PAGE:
Do you recall when you first realized what your purpose or passion in life might be? There was not one event that I can pinpoint, but rather a culmination of small events and feelings that led to my “aha” moment. Throughout my time at an all-girls Catholic high school through St. Mike’s and my time after, I was surrounded by such strong communities, a sense of belonging, and opportunities to give back. Whether in the chemistry lab, at LEAP retreats, or in clinic, there was a common spark of feeling invested in my actions and doing good to those around me.

    How did St. Mike’s nurture or inspire your sense of purpose? What has this sense meant to you and others around you? How has it shifted throughout your life and career so far? St. Mike’s fosters curiosity. My liberal arts education encouraged me to step outside my comfort zone in the sciences, and carry what I learned from my semester abroad as well as my sociology and history courses back into my core classes. This foundation – the intrinsic blend of being comfortable with the known and unknown – has allowed me to dabble and change course in these early years of adulthood (or, “early” at this point – yikes!). Having the courage to be truly uncomfortable because we’re not fortunetellers and we can’t predict if that was a good life decision until it’s well-lived is why I feel so certain that my career is the right match for me at this time in my life and how my other activities, hobbies, and volunteerism complement my “why.”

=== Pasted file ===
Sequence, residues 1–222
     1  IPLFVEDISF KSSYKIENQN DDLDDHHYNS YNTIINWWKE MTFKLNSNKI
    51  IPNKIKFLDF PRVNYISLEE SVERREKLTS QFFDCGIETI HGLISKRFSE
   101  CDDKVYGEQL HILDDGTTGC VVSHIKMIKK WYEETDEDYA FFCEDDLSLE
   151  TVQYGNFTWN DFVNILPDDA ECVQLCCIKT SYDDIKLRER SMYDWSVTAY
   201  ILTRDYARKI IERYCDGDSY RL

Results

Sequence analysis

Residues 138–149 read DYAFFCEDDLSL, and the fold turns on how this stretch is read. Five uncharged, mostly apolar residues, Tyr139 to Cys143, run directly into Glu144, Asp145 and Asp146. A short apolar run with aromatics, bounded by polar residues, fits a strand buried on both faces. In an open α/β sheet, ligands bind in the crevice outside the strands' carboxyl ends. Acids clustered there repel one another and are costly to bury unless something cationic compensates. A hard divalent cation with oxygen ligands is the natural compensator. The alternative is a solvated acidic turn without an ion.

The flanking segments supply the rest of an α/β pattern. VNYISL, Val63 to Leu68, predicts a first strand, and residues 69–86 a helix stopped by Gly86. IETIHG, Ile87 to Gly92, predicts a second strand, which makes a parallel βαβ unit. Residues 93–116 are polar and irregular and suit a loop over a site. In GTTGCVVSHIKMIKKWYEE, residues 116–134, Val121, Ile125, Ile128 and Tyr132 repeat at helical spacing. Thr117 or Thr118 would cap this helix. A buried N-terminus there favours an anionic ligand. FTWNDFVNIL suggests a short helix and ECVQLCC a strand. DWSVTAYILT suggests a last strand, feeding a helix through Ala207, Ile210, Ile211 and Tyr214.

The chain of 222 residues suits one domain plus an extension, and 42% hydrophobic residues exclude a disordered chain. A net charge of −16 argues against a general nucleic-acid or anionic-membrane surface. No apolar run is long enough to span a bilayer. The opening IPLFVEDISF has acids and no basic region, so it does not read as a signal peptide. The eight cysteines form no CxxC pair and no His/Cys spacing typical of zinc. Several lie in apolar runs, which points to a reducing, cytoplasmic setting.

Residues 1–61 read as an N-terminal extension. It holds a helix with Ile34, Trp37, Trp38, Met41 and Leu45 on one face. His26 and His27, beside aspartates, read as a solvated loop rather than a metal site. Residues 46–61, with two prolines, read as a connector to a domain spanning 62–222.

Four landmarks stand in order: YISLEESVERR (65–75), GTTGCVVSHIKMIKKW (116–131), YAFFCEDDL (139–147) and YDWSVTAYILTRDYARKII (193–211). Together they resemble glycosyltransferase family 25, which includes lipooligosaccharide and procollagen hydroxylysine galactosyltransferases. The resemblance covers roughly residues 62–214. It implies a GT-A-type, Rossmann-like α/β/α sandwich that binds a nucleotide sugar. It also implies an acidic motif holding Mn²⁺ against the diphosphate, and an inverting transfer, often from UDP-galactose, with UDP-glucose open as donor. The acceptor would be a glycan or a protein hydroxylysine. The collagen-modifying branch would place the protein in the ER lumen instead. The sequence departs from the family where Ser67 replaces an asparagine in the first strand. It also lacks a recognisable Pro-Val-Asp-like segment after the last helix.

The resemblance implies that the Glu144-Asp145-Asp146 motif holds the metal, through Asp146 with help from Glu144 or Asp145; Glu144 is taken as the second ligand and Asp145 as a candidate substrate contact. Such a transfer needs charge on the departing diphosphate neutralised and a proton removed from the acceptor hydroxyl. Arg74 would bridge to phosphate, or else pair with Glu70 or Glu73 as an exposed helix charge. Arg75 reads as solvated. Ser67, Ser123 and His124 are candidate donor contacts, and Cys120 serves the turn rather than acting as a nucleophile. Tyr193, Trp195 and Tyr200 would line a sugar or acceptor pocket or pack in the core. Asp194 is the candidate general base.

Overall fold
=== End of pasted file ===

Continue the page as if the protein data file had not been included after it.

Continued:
During the peak of the pandemic (and, still in a sense today), time felt so precious, and I actively chose and am choosing to engage in opportunities that very purposefully foster my wellbeing and relationships. As life carries its own twists and turns and as my professional and personal priorities become more defined, saying no to things/events/people allows me to pour more of myself into things I most value.